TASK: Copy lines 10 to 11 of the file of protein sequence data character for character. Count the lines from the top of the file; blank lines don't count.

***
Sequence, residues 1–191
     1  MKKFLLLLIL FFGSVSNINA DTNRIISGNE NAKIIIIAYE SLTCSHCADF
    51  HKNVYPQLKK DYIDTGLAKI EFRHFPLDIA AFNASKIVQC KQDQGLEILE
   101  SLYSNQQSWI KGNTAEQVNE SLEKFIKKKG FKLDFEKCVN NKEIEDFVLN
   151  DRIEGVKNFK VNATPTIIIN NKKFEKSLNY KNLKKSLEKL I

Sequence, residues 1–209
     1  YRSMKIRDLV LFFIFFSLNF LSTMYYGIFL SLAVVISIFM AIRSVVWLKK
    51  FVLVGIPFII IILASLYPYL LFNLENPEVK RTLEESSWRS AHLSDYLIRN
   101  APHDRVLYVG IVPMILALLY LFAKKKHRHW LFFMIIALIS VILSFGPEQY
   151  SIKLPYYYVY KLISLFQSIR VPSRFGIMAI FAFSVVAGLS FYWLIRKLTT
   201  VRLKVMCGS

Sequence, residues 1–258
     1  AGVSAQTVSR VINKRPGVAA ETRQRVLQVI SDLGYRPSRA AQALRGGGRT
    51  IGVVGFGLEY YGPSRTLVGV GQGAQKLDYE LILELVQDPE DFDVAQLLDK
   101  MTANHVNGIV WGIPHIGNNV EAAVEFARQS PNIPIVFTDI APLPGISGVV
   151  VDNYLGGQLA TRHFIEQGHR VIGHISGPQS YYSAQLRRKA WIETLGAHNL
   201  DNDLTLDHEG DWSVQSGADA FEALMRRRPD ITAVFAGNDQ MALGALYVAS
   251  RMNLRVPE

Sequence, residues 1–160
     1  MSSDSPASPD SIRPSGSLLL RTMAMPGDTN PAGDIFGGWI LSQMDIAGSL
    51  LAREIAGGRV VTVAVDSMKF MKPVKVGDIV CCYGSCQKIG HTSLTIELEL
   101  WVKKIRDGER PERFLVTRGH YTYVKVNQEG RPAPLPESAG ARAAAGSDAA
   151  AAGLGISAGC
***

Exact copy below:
   151  SIKLPYYYVY KLISLFQSIR VPSRFGIMAI FAFSVVAGLS FYWLIRKLTT
   201  VRLKVMCGS